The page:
The coercive foundation of socialism leads to slavery and slaughter. Capitalism is an economic system in which the means of production of good and services are privately owned, characterized by voluntary exchange and the state’s protection of contract and property rights. It is the economics of freedom. That conceptual foundation leads to progress and prosperity.

In a political order where individuals and groups cannot forcibly or fraudulently take what others have produced, capitalism will be the natural evolution. If you can’t take, you must produce and exchange. You own the ultimate means of production—your talents, aptitudes, training, experience, ingenuity, capacity for work, and intelligence—and if you want something you haven’t produced, you must exchange for it with someone else on mutually advantageous and agreeable terms. Capitalism’s extraordinary results when it has been given anything approaching full reign are unsurprising. Humans accomplish extraordinary deeds…when they are free to do so.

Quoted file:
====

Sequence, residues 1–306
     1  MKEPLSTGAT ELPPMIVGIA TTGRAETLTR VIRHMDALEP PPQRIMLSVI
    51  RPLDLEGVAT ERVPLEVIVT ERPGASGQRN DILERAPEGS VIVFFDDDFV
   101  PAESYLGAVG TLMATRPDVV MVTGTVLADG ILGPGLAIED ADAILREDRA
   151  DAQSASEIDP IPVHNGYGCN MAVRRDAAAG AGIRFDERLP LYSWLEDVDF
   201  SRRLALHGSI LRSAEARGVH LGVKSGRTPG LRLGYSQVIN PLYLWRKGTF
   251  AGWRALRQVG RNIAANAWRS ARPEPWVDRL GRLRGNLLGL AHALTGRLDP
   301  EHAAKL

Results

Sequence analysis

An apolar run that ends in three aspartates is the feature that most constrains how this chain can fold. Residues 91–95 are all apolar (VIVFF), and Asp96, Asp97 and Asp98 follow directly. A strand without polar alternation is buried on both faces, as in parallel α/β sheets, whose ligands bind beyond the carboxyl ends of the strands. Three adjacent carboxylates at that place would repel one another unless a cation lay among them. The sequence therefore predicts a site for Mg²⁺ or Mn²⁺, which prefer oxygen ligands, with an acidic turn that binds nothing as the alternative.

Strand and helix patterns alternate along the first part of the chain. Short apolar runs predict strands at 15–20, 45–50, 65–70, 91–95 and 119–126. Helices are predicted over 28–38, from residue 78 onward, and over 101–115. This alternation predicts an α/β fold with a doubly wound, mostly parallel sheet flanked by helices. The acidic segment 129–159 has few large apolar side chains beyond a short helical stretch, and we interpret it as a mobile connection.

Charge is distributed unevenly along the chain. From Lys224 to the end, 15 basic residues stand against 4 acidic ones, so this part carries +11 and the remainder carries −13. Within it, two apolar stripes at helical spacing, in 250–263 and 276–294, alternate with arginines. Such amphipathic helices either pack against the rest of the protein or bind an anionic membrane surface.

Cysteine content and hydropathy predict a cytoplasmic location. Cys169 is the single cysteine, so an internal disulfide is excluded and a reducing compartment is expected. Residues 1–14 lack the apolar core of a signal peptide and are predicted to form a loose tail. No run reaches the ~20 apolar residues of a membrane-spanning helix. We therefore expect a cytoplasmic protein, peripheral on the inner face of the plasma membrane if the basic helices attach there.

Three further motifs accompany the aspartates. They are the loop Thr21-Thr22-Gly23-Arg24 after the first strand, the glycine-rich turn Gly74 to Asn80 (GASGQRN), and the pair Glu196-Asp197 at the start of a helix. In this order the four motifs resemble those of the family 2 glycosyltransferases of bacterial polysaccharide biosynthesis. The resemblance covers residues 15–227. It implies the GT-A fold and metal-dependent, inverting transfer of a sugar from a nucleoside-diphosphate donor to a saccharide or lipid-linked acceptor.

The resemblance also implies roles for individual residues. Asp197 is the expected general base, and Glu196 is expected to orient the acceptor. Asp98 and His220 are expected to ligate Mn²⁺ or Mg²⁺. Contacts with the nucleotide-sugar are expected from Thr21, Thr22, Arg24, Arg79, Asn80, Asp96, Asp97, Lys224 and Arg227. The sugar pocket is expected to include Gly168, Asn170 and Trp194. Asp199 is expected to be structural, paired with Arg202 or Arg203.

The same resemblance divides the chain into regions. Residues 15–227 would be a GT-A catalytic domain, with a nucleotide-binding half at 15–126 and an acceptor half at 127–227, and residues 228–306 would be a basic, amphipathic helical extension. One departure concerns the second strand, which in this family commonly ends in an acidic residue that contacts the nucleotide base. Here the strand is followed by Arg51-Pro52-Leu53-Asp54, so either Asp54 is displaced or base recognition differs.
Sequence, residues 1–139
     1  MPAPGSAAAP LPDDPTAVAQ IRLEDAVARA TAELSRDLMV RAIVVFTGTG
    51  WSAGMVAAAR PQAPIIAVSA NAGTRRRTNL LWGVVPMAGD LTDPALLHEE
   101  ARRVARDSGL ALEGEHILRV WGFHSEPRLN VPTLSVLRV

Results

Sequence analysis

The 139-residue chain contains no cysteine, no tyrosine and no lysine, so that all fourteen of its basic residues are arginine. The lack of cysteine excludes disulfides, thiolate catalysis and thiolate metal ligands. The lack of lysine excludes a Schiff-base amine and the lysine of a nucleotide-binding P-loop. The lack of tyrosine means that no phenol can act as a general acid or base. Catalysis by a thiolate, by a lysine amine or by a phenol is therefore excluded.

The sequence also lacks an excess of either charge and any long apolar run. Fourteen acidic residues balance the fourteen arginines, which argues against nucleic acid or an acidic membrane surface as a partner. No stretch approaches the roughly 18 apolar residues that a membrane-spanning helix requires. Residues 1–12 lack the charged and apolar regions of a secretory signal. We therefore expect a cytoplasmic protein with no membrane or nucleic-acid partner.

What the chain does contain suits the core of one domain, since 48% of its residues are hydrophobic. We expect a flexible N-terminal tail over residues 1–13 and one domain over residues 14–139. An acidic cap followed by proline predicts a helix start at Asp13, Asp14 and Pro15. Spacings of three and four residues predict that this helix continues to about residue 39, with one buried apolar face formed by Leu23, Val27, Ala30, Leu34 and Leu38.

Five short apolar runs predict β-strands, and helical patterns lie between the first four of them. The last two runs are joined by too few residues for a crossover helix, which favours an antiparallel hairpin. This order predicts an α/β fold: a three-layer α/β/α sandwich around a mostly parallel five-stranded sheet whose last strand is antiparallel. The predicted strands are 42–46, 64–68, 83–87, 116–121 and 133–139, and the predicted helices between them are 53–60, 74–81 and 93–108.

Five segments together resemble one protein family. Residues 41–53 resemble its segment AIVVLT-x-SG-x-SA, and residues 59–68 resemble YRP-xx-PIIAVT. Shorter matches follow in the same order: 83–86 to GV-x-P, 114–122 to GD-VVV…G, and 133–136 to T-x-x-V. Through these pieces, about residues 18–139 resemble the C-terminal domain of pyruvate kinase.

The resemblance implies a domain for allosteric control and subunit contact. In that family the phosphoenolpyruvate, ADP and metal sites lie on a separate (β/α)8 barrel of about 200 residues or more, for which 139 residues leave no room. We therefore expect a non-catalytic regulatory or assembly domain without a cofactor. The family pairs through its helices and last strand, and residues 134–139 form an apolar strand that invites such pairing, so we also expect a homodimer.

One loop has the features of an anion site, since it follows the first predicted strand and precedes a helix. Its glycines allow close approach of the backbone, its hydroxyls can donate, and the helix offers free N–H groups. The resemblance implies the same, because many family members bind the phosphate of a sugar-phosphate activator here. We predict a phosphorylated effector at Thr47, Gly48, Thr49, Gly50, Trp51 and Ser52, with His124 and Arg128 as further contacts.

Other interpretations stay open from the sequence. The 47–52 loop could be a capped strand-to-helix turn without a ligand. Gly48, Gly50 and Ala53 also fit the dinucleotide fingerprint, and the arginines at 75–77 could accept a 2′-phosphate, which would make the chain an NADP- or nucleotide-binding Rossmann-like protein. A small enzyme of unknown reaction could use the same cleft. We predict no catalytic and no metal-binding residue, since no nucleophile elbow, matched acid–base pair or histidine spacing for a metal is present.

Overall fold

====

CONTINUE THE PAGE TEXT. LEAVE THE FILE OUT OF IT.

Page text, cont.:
Modern education has for the most part abandoned teaching history, facts, or concepts, replacing them with toxic goo. The zombie minds at colleges and universities (both students and professors) fail or refuse to grasp the conceptual and ethical distinctions between capitalism and socialism. They are unaware of, indifferent to, or deny the yawning chasm between Industrial Revolution America and the twentieth century’s socialist horror shows.